max l m = 1 N T , eff R ( M set ( l , m ) , c ( m ) ) S N R req ( M set ( l , m ) , c ( m ) ) S N R eff , l ML ( m ) for all m ' s . [ Eqn . 9 ]

In Equation 9, l denotes a modulation scheme combination index, NT,eff denotes the number of the effective SNRs, Mset(l,m) denotes the modulation scheme of the m-stream, c(m) denotes the channel code rate of the m-th stream, R(Mset(l,m),c(m)) denotes the data rate when the modulation scheme of the m-stream is Mset(l,m) and the channel code rate is c(m), SNReff,l ML(m) denotes the effective SNR of the m-th stream when the modulation scheme is Mset(l), and SNRreq(Mset(l,m),c(m)) denotes the required SNR to employ the modulation scheme of the m-th stream as Mset(l,m) and employ the channel code rate as c(m).

Herein, the data rate R(Mset(l,m),c(m)) of the m-th stream is calculated in two ways.

The first way is expressed as Equation 10:
R(M set(l,m),c(m))=f bits(M set(l,m))c(m).  [Eqn. 10]

Mset(l,m) denotes the modulation scheme of the m-th stream, c(m) denotes the channel code rate of the m-th stream, R(Mset(l,m),c(m)) denotes the data rate when the modulation scheme of the m-th stream is Mset(l,m) and the channel code rate is c(m), and fbits(Mset(l,m)) denotes the function which converts Mset(l,m) to bits. For example, fbits(16QAM) is 4.

The second way is expressed as Equation 11:
R(M set(l,m),c(m))=C M set(l,m) (SNR eff,l ML(m)).   [Eqn. 11]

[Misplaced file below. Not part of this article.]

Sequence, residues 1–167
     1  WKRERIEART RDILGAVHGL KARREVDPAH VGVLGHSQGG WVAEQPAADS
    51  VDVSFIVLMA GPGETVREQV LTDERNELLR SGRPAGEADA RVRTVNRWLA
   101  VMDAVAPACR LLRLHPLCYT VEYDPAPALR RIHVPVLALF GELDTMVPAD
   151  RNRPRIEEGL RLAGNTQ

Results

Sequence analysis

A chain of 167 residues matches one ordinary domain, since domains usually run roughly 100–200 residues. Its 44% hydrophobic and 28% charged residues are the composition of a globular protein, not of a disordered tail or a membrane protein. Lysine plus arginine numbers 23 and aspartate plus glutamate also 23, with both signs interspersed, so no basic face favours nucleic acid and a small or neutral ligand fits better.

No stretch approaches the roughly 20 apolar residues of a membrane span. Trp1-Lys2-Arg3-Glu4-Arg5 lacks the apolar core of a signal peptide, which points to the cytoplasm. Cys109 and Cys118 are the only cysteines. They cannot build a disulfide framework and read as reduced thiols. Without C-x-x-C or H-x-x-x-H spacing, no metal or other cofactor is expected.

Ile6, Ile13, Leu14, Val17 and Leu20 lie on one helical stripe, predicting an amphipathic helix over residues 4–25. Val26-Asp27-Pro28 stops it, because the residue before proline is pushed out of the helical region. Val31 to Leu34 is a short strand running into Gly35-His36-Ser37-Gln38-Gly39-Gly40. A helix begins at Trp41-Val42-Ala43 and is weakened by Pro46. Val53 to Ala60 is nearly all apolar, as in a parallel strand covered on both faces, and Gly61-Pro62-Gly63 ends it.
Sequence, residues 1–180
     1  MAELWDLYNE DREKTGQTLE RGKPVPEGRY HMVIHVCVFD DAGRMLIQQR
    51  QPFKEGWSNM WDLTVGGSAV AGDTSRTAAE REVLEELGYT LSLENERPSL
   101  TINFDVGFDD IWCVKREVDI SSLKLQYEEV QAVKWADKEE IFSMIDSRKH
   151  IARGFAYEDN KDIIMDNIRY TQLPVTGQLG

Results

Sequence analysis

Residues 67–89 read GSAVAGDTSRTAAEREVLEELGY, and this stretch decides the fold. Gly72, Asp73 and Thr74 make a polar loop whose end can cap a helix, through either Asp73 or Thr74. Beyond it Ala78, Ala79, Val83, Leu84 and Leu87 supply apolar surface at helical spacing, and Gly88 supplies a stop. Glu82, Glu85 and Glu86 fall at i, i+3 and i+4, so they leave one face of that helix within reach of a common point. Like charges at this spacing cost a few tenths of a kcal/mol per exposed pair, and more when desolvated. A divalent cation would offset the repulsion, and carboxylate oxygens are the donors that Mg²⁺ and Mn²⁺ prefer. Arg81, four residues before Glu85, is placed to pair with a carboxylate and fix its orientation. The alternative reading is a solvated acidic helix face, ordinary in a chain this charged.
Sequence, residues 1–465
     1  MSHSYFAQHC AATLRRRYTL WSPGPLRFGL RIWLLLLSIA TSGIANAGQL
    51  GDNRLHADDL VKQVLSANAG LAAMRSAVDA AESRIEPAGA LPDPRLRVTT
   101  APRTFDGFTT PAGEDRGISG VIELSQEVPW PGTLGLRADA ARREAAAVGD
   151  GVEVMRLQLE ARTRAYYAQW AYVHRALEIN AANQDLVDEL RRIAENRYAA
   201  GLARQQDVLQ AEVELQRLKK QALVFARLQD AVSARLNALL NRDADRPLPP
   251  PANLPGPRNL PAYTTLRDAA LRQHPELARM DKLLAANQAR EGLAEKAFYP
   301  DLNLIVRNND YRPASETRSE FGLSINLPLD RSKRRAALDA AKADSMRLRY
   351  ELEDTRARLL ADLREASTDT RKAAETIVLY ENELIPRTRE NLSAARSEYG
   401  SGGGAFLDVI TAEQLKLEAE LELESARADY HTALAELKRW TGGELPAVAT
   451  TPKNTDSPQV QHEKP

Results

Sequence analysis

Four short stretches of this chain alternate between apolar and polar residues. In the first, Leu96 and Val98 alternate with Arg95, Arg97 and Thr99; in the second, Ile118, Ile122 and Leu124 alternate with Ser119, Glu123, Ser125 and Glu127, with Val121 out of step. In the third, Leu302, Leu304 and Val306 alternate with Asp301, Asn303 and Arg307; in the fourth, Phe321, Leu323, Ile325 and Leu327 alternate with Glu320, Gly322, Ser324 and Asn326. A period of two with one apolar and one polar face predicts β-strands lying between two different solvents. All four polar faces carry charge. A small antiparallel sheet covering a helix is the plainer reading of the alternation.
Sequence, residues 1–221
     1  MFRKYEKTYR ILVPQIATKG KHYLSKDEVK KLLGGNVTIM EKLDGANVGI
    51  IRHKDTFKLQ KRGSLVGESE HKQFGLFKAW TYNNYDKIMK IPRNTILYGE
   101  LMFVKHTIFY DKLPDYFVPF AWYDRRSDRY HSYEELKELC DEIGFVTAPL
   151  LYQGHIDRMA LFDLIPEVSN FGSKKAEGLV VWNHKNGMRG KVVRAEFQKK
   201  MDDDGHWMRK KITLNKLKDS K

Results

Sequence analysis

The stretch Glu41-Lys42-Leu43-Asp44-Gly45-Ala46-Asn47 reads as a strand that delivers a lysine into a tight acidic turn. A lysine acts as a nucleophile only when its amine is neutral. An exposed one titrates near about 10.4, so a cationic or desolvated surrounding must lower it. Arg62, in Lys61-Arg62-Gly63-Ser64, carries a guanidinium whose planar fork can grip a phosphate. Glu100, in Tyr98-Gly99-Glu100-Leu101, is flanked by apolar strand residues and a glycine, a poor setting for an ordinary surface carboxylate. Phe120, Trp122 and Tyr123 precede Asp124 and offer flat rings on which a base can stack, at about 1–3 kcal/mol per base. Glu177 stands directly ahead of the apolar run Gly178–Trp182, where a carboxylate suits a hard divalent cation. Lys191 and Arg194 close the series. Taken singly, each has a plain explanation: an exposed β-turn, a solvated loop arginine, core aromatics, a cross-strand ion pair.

Mset(l,m) denotes the modulation scheme of the m-th stream, c(m) denotes the channel code rate of the m-th stream, R(Mset(l,m),c(m)) denotes the data rate when the modulation scheme of the m-th stream is Mset(l,m) and the channel code rate is c(m), SNReff,l ML(m) denotes the effective SNR of the m-th stream, and CM set(l,m) (SNReff,l ML(m)) denotes a channel capacity of the m-th stream.

That is, after computing the data rate based on Equation 10 or Equation 11, the receiving end can determine the effective SNR and the MCS level to meet the QoS and to maximize the data rate based on Equation 9.

Now, the structure and the operations of the receiving end for determining the effective SNR per stream and the MCS level are explained in detail by referring to the drawings.

FIG. 2 is a block diagram of the receiving end in the MIMO wireless communication system according to an exemplary embodiment of the present invention.

The receiving end of FIG. 2 includes a plurality of radio frequency (RF) processors 202-1 through 202-N, a weight multiplier 204, a channel estimator 206, an ML detector 208, an effective SNR generator 210, and an MCS table storage 212.

The RF processors 202-1 through 202-N convert an RF signal received on the corresponding antenna to a baseband signal. The weight multiplier 204 multiplies the receive symbol vector by the weight matrix for the receive beamforming. The channel estimator 206 estimates the channel using a pre-designated receive signal; that is, using a pilot signal. The channel estimator 206 constitutes the effective channel matrix by taking account of the signal processing on the transmit symbol vector in the transmitting end and the signal processing on the receive symbol vector in the receiving end. For example, the effective channel matrix can be acquired by multiplying the transmitter weight matrix, the transmitter power allocation matrix, the channel matrix, and the receiver weight matrix as expressed in Equation 1. The channel estimator 206 calculates and provides the effective channel matrix and the average noise power of the channel to the effective SNR generator 210.